Hip Preservation

Hip Preservation

Hip Anatomy

The hip joint is comprised of the head of the thigh-bone (femur) and a socket (acetabulum), which is part of the pelvis. The hip is a ball and socket joint and the ends of the bones are lined with articular cartilage. The head of the femur freely rotates within the acetabulum with very little friction. The rim of the socket is lined with a fibro-cartilaginous lip of tissue called the labrum and this acts to stabilize the hip joint and regulate fluid into and out of the hip joint. The normal acetabulum covers the superior, anterior and posterior portions of the femoral head.
Hip Joint Diagram

Femoroacetabular Impingement (FAI) / Hip Impingement

FAI is an abnormality of the hip socket that causes hip pain in some patients. One or both bones of the hip have an abnormal shape that causes the two bones of the hip joint to rub against each other, which causes damage to the labrum and cartilage. At Austin Sports Medicine a hip arthroscopy or hip scope may be used to remove excess bone and repair the labrum of the hip with FAI.

Labral Tear

A labral tear of the hip can be painful for a patient and is sometimes caused by hip impingement (FAI) or hip dysplasia. Some patients may benefit from a hip arthroscopy to repair the damaged labrum. Additionally the underlying shape of the hip may need to be addressed to prevent or delay further damage to the hip. Austin Sports Medicine’s Hip Preservation services allow a full complement of treatment options for labral tears.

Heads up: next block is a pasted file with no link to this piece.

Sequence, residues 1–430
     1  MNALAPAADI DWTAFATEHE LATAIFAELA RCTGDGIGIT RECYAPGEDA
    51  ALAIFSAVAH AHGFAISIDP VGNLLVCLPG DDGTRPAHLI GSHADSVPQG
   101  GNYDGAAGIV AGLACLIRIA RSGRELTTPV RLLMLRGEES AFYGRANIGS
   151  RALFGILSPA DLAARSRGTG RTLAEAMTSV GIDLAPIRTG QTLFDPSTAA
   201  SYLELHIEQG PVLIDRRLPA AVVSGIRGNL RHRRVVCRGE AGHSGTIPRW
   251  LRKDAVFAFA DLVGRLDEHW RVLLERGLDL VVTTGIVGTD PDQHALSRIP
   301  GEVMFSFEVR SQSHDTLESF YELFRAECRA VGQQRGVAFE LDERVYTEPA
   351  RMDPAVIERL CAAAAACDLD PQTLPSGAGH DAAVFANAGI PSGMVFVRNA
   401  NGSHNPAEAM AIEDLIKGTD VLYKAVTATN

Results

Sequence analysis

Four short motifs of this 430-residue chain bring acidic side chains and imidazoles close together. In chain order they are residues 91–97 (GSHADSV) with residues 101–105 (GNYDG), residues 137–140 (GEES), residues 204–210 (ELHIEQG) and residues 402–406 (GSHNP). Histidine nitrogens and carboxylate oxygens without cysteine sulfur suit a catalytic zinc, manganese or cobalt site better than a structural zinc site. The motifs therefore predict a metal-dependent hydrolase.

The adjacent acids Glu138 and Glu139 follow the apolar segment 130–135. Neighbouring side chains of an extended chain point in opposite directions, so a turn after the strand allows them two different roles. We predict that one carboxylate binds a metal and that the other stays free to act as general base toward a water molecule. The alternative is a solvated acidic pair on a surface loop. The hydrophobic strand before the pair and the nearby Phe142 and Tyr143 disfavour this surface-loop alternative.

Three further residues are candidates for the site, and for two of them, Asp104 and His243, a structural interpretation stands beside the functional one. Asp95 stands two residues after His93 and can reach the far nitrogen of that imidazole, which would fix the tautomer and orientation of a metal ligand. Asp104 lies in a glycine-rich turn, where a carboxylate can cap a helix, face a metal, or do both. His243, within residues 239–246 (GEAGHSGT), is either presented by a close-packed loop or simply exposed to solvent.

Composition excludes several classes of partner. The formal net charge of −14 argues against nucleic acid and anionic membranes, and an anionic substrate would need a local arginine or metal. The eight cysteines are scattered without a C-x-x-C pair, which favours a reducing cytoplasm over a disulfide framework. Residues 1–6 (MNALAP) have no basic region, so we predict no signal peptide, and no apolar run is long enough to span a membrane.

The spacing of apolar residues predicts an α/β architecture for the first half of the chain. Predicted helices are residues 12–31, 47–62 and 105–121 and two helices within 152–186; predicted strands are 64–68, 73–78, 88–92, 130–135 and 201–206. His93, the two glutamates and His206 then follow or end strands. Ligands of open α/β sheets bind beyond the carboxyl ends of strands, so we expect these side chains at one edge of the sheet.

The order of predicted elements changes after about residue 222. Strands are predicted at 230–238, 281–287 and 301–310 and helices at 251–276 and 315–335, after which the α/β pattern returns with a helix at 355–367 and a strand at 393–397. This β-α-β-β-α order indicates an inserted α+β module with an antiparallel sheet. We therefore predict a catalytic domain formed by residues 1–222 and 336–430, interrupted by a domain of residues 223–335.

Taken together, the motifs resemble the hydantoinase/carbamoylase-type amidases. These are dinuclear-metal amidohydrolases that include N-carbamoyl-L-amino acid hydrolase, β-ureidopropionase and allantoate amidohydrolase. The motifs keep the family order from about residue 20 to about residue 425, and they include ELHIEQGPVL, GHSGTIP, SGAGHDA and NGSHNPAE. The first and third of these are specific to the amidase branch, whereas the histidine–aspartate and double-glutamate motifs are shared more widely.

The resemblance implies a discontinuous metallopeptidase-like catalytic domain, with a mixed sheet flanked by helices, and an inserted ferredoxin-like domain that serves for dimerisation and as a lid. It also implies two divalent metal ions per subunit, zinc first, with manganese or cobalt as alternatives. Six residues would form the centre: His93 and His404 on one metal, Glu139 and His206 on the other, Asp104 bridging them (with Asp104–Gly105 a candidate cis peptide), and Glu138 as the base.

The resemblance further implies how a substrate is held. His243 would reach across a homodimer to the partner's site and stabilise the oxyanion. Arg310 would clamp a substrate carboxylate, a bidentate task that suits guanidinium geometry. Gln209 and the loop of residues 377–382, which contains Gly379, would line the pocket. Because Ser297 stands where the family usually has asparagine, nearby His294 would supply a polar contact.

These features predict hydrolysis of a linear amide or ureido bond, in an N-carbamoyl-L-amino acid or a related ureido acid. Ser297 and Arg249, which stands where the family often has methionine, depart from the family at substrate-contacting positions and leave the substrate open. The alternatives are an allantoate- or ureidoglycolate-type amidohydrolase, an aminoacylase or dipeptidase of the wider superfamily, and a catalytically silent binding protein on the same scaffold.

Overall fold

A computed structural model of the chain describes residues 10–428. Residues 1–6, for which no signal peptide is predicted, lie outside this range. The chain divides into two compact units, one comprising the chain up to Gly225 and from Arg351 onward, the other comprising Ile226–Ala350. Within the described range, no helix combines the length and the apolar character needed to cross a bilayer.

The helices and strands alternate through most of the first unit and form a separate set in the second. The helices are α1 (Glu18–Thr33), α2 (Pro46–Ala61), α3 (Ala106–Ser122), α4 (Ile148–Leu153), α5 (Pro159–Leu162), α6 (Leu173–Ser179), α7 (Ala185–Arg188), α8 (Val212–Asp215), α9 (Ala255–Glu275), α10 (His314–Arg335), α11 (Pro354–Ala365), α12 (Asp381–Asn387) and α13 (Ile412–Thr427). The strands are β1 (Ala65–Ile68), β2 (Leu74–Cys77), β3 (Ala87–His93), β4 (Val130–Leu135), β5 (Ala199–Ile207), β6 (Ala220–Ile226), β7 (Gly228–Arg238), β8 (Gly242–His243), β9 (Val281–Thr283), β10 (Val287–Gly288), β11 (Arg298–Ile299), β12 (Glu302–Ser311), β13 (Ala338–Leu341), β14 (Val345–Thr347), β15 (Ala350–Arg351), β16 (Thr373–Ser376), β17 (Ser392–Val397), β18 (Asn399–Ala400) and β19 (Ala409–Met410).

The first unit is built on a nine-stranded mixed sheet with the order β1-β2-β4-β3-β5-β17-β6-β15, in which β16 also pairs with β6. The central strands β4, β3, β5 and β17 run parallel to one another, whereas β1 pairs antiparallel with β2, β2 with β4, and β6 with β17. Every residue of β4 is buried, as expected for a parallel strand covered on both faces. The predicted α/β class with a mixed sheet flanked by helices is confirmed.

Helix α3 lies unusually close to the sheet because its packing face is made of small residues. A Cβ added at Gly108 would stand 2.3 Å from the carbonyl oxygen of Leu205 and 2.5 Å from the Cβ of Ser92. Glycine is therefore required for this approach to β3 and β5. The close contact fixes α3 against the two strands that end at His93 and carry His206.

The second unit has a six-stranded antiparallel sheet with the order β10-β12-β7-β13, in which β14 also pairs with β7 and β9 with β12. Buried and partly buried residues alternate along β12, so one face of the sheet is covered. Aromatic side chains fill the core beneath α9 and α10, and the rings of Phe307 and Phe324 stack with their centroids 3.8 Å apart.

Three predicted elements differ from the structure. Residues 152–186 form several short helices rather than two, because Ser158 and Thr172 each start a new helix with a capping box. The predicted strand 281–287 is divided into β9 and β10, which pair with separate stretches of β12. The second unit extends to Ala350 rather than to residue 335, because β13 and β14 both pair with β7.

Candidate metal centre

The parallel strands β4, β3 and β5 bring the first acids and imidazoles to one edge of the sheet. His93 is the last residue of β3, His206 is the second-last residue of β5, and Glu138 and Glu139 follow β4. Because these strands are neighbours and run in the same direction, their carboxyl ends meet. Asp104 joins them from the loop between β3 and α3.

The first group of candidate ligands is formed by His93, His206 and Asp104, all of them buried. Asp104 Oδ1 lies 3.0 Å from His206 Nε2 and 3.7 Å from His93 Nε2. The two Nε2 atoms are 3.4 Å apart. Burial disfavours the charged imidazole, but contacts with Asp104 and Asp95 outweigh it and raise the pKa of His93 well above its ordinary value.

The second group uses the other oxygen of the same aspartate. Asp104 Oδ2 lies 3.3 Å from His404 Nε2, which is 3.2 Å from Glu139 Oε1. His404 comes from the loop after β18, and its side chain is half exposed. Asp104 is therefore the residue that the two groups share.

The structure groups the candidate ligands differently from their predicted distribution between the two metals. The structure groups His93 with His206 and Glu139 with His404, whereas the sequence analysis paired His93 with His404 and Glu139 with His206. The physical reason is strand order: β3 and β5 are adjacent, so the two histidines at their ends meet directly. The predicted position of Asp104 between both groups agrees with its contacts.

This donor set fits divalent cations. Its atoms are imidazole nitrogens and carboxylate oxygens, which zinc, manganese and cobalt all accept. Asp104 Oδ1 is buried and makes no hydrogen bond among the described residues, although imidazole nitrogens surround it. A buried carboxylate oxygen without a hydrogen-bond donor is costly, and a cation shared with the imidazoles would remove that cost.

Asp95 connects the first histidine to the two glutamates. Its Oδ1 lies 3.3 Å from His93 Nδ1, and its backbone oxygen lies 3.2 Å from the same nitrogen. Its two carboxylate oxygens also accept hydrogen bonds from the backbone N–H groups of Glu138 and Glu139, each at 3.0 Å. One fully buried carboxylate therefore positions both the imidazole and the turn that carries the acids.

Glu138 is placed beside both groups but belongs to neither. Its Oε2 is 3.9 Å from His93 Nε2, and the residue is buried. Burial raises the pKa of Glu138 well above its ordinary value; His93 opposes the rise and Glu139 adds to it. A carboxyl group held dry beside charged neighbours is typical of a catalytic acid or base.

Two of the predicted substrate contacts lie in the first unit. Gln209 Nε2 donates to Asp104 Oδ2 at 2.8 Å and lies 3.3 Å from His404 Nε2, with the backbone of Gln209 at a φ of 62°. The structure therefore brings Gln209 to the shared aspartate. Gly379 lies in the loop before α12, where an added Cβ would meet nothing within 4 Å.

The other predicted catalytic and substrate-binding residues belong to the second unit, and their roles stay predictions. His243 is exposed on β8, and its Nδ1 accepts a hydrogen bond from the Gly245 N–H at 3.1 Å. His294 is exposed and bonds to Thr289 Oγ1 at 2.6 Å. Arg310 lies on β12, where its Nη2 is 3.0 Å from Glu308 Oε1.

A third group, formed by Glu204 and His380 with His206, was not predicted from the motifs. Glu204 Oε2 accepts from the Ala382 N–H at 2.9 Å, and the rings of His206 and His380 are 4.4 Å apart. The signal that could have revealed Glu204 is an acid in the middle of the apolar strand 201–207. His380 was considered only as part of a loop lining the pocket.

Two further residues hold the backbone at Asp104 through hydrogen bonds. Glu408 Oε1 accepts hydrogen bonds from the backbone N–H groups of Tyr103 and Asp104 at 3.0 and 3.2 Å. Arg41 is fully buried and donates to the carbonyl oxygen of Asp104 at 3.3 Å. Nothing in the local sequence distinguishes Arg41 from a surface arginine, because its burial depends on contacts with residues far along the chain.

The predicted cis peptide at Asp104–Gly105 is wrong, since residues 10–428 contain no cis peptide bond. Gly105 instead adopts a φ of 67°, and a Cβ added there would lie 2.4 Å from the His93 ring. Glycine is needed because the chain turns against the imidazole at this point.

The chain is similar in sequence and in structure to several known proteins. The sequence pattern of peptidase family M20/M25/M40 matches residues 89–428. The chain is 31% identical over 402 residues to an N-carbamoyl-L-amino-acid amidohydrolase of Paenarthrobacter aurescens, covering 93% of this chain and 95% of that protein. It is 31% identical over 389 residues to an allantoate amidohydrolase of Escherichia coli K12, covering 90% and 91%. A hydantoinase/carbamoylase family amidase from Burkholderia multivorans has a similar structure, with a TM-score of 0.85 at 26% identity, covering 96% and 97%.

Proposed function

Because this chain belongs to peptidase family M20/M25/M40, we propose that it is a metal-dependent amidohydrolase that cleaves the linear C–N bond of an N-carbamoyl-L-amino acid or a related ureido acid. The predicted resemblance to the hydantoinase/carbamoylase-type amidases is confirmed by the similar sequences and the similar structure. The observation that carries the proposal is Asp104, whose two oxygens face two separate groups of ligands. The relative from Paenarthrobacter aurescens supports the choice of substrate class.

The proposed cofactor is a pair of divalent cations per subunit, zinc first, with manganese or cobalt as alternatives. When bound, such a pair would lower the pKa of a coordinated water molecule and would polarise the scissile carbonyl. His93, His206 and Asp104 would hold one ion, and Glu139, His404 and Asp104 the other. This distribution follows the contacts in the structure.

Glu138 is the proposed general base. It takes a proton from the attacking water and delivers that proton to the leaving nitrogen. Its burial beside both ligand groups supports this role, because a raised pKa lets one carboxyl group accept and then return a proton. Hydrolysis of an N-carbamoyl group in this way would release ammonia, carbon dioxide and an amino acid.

Developmental Dysplasia of the Hip (DDH) / Hip Dysplasia

Hip dysplasia is a condition defined by inadequate development of the acetabulum (hip socket). The resulting shape of the socket is more dish-shaped in comparison to the normal cup-shape of the well developed acetabulum. The upper portion of the acetabulum is angled upward rather than having a more normal horizontal orientation. This causes the head of the femur to be under-covered and increases the contact pressures on the cartilage and labrum, which in turn places these structures at risk for damage. A periacetabular osteotomy (PAO) is a treatment option for severe hip dysplasia and is offered at Austin Sports Medicine.
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